As you weigh the risks and benefits of Contrave, it is important to acknowledge that obesity is a serious disease that is linked to over 200 chronic diseases. Increasing muscle mass and decreasing fat mass as you change your body composition, will lead to a healthier lifespan.
Tips for maximizing weight loss:
- Consume a nutritious, balanced diet that includes a variety of fruits and vegetables, lean proteins, whole grains, and low-fat dairy products.
- Weigh and measure food until you have a good idea of what a portion should look like.
- Avoid consuming sugary beverages and processed foods. These are high in calories and leave you hungry again as your blood sugar and insulin levels spike and then fall.
- Choose food for restaurants in advance and ask the server to box half your meal before putting it on your plate.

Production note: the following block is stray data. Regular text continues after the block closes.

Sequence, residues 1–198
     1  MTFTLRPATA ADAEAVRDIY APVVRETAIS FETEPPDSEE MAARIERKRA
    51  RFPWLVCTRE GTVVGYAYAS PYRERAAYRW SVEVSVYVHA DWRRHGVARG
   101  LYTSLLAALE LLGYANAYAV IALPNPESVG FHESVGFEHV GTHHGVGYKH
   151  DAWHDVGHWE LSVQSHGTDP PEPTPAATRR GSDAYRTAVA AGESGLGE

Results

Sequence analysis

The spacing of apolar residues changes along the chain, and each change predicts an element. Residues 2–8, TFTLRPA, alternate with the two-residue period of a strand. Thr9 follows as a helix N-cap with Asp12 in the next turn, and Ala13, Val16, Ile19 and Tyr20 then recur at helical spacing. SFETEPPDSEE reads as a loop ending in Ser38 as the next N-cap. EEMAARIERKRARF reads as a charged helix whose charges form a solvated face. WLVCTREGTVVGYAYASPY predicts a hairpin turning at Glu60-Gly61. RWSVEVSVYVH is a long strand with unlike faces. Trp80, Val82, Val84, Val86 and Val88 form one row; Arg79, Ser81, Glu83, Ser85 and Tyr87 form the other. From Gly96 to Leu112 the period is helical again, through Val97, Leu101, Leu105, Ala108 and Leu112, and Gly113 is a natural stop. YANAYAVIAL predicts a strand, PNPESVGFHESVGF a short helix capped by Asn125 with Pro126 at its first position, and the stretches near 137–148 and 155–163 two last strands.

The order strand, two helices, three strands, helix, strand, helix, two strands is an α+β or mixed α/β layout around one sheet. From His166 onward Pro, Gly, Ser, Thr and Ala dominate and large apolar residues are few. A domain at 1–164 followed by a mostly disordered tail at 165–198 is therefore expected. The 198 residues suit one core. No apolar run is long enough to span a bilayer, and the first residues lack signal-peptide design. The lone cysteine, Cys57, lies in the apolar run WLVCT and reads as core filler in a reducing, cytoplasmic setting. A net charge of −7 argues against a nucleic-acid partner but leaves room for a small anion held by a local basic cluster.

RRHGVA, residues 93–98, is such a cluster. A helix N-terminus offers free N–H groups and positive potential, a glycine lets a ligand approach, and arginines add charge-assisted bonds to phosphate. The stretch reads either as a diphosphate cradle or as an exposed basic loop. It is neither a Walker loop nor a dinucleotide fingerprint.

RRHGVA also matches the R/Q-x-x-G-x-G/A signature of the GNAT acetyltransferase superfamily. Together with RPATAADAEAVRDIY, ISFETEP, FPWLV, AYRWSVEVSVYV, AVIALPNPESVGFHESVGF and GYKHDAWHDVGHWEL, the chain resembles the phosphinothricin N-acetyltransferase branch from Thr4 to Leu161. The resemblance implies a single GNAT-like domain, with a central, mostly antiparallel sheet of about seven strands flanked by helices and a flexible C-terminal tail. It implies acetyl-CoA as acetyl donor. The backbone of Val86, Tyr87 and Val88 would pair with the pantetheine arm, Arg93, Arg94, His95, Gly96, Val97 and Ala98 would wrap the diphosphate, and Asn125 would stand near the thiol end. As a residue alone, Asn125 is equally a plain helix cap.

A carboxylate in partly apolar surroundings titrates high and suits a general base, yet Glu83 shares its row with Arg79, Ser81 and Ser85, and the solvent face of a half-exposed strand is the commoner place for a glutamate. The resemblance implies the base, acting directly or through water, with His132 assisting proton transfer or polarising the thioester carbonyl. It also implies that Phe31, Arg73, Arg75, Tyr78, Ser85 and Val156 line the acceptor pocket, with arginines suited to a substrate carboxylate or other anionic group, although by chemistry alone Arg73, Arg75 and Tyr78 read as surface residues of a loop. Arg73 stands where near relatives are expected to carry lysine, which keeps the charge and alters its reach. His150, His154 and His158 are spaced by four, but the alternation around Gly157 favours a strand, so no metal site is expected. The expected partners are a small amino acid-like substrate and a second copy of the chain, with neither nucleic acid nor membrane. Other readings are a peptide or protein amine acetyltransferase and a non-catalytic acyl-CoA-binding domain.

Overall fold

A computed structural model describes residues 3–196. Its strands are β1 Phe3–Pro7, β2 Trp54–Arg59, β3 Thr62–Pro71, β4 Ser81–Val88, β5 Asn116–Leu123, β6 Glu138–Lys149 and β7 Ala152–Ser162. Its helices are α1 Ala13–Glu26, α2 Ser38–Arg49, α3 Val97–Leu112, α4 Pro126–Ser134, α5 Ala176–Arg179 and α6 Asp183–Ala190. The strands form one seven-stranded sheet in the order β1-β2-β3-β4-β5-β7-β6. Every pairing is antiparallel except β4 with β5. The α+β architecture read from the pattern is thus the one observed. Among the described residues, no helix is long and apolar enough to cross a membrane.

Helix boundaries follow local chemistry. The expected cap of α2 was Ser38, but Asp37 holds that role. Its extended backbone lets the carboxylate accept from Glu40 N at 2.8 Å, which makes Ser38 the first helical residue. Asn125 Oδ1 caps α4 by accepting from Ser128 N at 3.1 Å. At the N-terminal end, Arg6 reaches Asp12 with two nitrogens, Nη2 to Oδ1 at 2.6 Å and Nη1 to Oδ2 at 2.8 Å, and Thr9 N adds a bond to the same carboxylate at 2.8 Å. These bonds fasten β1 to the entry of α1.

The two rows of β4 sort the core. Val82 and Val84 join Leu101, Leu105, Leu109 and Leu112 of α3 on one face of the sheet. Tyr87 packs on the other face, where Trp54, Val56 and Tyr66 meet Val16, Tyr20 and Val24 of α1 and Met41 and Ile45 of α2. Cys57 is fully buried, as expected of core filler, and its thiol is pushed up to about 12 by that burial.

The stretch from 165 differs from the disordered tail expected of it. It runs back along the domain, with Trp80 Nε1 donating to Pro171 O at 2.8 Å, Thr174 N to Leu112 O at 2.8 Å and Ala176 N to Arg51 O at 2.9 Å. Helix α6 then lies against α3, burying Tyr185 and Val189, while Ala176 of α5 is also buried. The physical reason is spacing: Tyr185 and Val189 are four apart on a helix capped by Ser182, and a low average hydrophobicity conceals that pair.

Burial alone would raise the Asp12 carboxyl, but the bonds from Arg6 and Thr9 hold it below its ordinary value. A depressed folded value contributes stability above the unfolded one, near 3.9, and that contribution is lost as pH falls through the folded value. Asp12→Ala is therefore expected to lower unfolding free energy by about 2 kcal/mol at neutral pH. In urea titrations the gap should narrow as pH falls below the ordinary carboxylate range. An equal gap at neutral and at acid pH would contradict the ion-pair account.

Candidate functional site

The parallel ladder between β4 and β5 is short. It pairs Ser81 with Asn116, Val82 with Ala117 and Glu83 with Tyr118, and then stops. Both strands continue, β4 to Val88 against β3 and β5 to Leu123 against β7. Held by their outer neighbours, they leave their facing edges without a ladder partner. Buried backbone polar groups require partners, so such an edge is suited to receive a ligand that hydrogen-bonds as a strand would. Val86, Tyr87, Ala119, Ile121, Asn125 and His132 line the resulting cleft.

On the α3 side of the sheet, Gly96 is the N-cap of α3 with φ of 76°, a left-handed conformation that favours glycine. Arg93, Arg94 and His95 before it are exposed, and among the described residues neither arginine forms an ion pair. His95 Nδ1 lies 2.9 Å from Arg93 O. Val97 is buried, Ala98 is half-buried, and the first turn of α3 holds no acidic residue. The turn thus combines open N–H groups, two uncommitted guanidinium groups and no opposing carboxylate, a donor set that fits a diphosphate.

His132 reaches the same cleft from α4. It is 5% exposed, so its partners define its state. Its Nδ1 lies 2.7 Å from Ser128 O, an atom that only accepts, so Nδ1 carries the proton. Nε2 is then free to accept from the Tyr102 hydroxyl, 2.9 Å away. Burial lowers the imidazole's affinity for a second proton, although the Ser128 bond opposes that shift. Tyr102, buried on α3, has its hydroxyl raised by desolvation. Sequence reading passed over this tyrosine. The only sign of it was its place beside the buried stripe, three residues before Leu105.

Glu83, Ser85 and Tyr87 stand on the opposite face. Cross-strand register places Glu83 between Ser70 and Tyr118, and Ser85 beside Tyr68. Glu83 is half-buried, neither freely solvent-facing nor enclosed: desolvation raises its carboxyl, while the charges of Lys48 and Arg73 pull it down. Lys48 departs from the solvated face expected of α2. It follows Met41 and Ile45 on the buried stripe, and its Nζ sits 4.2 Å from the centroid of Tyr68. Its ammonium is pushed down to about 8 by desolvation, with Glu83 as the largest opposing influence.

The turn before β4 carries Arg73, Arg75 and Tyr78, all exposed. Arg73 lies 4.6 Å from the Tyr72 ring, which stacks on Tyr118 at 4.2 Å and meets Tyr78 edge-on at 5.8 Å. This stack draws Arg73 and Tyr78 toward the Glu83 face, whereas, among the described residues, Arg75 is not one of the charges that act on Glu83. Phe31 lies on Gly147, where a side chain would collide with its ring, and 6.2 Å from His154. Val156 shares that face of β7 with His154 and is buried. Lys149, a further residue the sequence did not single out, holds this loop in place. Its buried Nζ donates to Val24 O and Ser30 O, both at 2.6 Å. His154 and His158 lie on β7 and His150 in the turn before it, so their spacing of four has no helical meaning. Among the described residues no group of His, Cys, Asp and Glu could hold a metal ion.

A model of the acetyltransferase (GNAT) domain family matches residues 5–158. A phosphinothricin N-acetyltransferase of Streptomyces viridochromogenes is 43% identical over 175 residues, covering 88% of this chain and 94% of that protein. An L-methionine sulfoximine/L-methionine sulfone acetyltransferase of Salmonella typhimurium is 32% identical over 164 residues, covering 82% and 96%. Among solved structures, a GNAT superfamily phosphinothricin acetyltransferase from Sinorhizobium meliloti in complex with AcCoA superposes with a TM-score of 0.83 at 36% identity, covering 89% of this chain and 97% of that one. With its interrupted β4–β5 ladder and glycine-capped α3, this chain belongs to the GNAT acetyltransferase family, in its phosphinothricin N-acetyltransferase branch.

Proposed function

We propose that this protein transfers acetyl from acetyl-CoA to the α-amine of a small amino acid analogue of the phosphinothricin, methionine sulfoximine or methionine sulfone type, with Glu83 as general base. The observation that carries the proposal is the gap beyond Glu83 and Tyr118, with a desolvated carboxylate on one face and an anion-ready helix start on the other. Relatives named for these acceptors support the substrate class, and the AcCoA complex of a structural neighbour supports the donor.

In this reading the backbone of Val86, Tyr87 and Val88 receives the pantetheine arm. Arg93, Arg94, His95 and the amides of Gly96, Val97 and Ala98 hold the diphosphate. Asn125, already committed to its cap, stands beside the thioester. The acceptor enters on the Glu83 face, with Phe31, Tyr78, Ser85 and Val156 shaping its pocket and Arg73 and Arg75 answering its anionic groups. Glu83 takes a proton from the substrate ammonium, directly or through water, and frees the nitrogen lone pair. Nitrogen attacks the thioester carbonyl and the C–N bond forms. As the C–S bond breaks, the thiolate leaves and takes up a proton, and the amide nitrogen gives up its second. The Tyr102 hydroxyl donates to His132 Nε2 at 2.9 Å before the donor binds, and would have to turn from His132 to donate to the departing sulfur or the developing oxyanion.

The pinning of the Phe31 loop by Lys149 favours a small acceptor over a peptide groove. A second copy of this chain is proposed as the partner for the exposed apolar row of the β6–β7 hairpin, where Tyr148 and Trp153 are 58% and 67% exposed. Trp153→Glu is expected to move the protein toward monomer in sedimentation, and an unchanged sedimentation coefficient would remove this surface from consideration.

- Make it more challenging to access snacks in your home to avoid impulse eating.
- Mindfully eat your meals without the distraction of technology.
- Pay attention to hunger and fullness. Try to notice when you first become comfortably full.
- Stay hydrated throughout the day to optimize metabolism and reduce hunger.
- Prioritize getting 7 to 9 hours of high-quality, restful sleep each night.
- Engage in movement throughout the day AND aim for at least 150 minutes of moderate-intensity aerobic exercise each week.
- Building muscle helps change body composition and support weight loss. Do at least two strength-building sessions each week that exercise all major muscle groups in your body.
- Ask for help from friends, family, or medical professionals to help you reach your goals.
Most importantly, set realistic goals and celebrate your successes. Health is measured in many ways, not just by a number on the scale. Do you feel better, have more energy, sleep better, or walk faster? These are also measures of health.